Can I Buy a House with Student Debt?
By John Fitzgerald, Grand Rapids Branch Manager
For some people, getting a college degree is necessary for their chosen occupation. Unfortunately, getting a college degree can be expensive and often results in student loans that must be repaid once the student has graduated. Recent statistics show that the average student loan debt is over $32,500 and the average student loan payment is $393 per month.
If you are one of the over 44 million U.S. citizens with student loan debt, your debt might affect your ability to become a homeowner. If you are looking to buy a home, you might find these steps below helpful in preparing for that next step in life:
- Keep your credit score high – The higher your credit score is, the more loan programs you may be qualified for. Paying your student loan payments, revolving debt and other installment debt payments on-time is mandatory. Also, keep your credit card balances low and avoid going above 50% of your credit limit. Your credit capacity is a factor in increasing your credit score.
- Consolidate your student loans – There are many student loan debt repayment programs available for you to consider, so speak with a student loan expert about which option works best for your personal circumstance. Even if your loans are in deferment or forbearance for a short time period, mortgage lenders will still calculate a payment to account for your outstanding loan debt.
- Manage your debt-to-income ratio (DTI) – Your Debt-to-Income Ratio (DTI) is the ratio of your monthly debt payments divided by your gross monthly income. This is a critical number because most lending programs don’t allow for your DTI ratio to be above 43%. Managing your DTI ratio might require you to postpone large purchases, like vehicles or vacations. Keep your payments as low as possible.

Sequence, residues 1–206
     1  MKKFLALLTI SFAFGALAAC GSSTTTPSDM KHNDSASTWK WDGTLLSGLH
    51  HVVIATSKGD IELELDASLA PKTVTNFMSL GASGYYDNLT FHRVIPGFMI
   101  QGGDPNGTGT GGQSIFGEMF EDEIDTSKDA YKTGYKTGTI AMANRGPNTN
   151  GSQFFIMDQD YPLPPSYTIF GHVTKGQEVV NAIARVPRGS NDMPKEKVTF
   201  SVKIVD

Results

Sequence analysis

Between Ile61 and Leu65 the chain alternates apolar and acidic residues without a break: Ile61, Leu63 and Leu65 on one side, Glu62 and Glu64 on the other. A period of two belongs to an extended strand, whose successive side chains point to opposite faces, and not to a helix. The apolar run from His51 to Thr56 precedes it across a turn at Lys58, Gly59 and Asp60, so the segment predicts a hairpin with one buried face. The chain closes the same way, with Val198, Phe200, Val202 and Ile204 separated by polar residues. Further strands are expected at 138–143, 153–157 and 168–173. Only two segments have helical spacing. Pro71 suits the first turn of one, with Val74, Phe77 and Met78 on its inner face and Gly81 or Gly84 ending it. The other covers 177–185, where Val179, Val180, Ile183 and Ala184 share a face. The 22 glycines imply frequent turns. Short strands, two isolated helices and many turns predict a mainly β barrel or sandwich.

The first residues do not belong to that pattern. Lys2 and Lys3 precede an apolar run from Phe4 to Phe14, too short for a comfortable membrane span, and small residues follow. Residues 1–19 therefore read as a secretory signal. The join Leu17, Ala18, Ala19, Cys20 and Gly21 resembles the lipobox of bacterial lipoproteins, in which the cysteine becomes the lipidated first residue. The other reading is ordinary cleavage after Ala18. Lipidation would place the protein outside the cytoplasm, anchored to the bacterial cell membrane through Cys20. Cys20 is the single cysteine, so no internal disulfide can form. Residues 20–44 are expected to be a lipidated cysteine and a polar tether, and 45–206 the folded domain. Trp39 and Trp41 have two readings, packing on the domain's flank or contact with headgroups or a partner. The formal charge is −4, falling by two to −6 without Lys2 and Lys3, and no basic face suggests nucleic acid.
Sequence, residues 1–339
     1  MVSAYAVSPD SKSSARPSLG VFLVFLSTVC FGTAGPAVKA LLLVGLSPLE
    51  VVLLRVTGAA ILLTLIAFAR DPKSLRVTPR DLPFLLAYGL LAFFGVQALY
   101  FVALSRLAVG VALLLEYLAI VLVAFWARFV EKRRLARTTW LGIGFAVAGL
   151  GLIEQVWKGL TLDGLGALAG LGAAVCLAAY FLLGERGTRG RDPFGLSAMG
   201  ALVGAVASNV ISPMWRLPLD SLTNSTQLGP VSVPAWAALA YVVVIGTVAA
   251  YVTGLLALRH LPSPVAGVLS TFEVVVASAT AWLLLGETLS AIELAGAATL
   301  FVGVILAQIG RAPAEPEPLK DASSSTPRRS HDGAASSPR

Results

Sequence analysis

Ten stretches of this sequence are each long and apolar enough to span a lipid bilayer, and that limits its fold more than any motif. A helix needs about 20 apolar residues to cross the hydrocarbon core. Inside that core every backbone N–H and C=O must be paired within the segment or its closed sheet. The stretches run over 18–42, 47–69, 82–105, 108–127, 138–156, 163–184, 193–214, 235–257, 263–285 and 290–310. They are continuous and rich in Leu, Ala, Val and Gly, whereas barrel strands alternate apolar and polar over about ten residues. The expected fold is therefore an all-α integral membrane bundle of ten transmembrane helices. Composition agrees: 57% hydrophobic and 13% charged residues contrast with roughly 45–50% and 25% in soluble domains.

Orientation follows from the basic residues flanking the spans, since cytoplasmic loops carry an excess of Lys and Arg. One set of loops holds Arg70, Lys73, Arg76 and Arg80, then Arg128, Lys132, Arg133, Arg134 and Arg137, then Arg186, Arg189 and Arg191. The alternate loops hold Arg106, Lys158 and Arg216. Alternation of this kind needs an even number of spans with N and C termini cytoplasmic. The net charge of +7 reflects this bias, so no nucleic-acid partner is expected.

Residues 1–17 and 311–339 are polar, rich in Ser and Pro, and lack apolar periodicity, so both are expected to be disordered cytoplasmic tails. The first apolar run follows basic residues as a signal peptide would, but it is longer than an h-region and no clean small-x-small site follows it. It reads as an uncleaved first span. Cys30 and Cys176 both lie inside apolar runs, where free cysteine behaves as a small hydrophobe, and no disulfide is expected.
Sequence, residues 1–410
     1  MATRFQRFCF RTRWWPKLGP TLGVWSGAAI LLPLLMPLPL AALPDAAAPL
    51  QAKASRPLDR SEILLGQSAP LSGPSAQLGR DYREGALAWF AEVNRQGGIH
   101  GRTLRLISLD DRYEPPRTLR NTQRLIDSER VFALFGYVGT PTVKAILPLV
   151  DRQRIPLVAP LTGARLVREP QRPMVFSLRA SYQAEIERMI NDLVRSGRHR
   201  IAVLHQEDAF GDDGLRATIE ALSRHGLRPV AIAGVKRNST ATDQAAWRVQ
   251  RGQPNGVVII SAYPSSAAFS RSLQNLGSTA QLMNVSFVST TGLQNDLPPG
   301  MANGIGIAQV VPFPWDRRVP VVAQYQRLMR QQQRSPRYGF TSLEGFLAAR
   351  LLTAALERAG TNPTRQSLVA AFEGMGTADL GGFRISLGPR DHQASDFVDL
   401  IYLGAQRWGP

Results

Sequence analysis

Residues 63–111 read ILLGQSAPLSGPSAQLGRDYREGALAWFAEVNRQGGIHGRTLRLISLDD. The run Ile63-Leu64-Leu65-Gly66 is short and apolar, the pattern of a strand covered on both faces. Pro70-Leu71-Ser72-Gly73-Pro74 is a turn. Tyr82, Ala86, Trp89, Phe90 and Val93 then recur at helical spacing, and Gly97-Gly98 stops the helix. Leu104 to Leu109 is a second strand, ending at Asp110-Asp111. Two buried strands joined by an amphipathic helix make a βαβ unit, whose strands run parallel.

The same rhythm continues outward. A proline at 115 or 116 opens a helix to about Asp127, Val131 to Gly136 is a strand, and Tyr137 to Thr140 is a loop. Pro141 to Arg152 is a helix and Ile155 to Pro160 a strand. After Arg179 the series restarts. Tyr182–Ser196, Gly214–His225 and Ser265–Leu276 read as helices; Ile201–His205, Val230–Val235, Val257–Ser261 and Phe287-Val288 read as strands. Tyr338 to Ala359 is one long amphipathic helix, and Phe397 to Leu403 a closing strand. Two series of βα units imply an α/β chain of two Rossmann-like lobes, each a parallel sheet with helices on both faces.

- Get pre-approved for your mortgage loan –Before you start shopping for a home, the smartest thing you can do is meet with your Michigan First Mortgage loan officer to determine what you will qualify for based on your current income and assets that you have available for a down payment. Your mortgage lender will provide you with your options regarding programs that require little or no down-payment. Your options may depend on your income level, credit score, and the geography of where you want to purchase your home.
Depending on the results of your loan officer’s analysis, you may need a co-borrower to provide additional income if your DTI is too high for the home that you want. Or, you might look for gift funds from a family member to assist you with down payment funds if you require a larger down payment.
As you can see, student loan debt doesn’t have to stop you from becoming a homeowner, but it will require some pre-planning before that next big step.